Size matters. I hate to burst your bubble but were you under the impression that your small town banks employ crack info security teams or something because they're in the financial industry?

Worryingly enough, one of our local banks still advertises for NT4 and Exchange 5.5 admins.

Re:Let me show you my back door (1)

cdrudge (68377) | more than 2 years ago | (#38936005)

After I replied, he told me a story about a programmer interviewing for a position at Darden who had very good qualifications. He was asked the same question and immediately said, "Let me show you my back door", and proceeded to log into a company web site and pull up their web site administration page. The programmer actually seemed shocked when told that there is no way Darden could hire him.

I guess I could never work at Darden either. I would have to lie to get a job, or if I told the truth they already have admitted they couldn't hire me.

My past two employers I know have admin or otherwise secure pages that I can almost guarantee haven't changed their passwords. If I were asked that question, I would have to admit that technically I do have a "backdoor", but it's not MY backdoor nor was it anywhere within my control to change the credentials to it. Or I could just lie and say I don't have access, but then starting off an career with a company with a lie isn't exactly putting your best food forward either.

Re:Let me show you my back door (1)

wdhowellsr (530924) | more than 2 years ago | (#38936123)

It's funny that you should say that because he asked me a similar question about the security failings of previous contracts and how I would overcome them. As I work with WCF often I talked about the problems with using the out of the box implementations and how encryption, handshakes and at the very least not publishing methods can reduce security breaches.

Now I wouldn't have shown him the security breaches but if you simply said that you know for a fact that many companies that you have worked for never change their passwords you would have been fine.

Re:Let me show you my back door (0)

Anonymous Coward | more than 2 years ago | (#38936705)

I'm pretty sure knowing where a companies administration website is and a log in for it doesn't qualify as a "backdoor".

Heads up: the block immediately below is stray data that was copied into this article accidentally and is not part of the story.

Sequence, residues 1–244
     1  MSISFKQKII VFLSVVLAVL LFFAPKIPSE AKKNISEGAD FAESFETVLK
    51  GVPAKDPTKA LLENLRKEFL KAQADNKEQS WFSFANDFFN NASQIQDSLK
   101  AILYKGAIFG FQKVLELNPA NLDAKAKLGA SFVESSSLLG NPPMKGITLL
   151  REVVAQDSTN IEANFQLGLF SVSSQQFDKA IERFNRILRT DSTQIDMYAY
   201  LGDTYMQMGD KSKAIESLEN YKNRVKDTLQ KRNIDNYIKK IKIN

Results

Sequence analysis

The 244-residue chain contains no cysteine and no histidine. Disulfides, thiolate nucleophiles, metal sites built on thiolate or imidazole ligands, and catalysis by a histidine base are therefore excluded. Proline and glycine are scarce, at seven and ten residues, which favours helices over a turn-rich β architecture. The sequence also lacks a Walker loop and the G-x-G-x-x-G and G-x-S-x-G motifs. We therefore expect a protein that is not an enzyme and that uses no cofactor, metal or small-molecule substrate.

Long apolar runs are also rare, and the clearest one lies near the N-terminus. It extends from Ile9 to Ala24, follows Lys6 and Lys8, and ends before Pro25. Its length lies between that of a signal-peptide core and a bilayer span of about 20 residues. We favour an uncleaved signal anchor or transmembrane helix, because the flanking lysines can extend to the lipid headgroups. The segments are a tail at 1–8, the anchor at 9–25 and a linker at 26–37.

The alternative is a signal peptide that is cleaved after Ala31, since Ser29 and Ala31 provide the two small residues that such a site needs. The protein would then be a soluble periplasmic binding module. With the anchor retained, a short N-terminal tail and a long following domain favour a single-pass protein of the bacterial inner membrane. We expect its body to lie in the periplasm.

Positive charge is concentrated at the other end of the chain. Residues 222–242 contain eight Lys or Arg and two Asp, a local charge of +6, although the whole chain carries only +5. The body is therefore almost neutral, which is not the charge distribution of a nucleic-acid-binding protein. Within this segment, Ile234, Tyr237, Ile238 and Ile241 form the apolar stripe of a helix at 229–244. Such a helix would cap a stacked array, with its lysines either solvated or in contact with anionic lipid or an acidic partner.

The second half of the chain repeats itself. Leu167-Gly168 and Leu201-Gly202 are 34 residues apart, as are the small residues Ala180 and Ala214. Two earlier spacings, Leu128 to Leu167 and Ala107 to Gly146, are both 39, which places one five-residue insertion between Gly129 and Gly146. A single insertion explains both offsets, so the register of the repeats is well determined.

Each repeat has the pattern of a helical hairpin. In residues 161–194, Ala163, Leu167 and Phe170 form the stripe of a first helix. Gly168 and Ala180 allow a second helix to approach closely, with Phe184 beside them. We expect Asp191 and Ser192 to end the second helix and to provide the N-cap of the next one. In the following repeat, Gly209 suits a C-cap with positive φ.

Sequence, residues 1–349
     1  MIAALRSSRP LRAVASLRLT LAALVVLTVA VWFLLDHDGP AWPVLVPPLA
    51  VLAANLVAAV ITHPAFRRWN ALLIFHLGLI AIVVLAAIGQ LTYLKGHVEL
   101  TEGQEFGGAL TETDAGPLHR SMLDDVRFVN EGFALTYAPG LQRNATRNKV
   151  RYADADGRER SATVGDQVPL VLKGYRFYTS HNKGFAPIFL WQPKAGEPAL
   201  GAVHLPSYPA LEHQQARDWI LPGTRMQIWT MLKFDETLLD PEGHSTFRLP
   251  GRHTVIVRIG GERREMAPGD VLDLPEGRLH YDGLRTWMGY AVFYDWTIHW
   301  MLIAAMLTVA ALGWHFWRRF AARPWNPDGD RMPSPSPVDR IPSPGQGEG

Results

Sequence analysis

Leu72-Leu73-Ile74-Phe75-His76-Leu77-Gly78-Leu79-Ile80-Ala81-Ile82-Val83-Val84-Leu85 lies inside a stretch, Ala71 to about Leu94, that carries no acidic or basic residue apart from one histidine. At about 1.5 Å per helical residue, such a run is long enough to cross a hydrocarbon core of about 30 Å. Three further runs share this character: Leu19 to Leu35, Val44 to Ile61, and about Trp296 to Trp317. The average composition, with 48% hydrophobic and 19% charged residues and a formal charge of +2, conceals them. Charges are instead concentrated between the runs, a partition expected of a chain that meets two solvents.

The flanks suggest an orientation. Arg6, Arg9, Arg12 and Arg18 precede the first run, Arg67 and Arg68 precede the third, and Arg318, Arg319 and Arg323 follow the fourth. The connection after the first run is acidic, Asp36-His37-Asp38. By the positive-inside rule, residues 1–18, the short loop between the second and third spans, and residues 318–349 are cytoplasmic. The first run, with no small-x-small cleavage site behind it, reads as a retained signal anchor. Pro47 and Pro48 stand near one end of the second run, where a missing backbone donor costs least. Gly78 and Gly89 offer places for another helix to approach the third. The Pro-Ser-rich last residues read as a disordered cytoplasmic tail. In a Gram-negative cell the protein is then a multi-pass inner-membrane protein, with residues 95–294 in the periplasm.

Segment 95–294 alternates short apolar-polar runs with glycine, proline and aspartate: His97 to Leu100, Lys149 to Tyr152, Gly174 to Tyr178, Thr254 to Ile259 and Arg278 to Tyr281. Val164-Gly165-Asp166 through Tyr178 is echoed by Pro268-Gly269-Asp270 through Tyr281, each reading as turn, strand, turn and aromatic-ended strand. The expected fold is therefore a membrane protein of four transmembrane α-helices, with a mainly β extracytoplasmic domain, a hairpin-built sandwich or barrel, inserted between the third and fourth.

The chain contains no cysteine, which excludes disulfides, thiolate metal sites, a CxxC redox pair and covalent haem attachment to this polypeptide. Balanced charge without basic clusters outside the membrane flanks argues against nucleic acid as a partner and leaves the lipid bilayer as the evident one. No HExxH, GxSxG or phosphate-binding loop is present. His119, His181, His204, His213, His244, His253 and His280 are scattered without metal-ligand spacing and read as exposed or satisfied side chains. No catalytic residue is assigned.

That would actually be the FRONT DOOR.

In 20 years I have never done anything malicious to any company I've ever worked for no matter how upset I've been with them, but I probably could login to every single one of their sites to this day and I would definitely answer NO when asked if i had a backdoor and it wouldn't be lying.

Re:Let me show you my back door (1)

Anonymous Coward | more than 2 years ago | (#38936017)

""Let me show you my back door"... I gotta say I almost didn't finish reading the rest of your post after this bit.

Re:Let me show you my back door (0)

Anonymous Coward | more than 2 years ago | (#38936041)

Ewwwwwww, is this another goatse link...?

As soon as they saw his name... (-1, Flamebait)

tomhath (637240) | more than 2 years ago | (#38935825)

Attila Nemeth, a 26 year-old Hungarian citizen

Atilla the Hun

Wrong Way... Do Not Enter (1)

LostCluster (625375) | more than 2 years ago | (#38935851)

This guy got it all wrong. There is no such thing as capture the flag hacks leading to jobs. Who gave him the idea that this would work out in his favor? Tech smarts was there, but no sign of the minimal business smarts it takes to hold a job was there.

i'm trying to grasp the level of stupidity here (4, Funny)

circletimessquare (444983) | more than 2 years ago | (#38935853)

"hi, i'm arnold, i stole your tv. would you like to hire me to put a lock on the bathroom window i broke into?"

i'm trying to put myself in the thinking here, and no... i just can't understand. i've reached my stupidity simulation threshold. i simply cannot understand a person this dumb

Re:i'm trying to grasp the level of stupidity here (1)

Anonymous Coward | more than 2 years ago | (#38936309)

Welcome to slashdot. Enjoy your stay.

this guy should have hired a lawyer first... (2)

number6x (626555) | more than 2 years ago | (#38936327)

Hi, I'm Steve B., You may know me from youtube videos of my rousing speaches at Microsoft developer conferences.

I didn't invent your android phone or any of the software on it, but I have found a flaw in the system that I can exploit. Its a flaw in the legal system but that's not important.

If you don't want me to activate this exploit, you need to pay me $30.00 for every phone you sell.

It's a good thing he didn't pirate music (2, Interesting)

Anonymous Coward | more than 2 years ago | (#38935857)

30 months? It is a good thing he didn't pirate some MP3s. Then they would really be mad at him.

So, did he release the blackmail stuff yet? (1)

Normal Dan (1053064) | more than 2 years ago | (#38935871)

On one hand it would make sense for him to release it out of spite or whatever. On the other hand, they did technically hire him, so...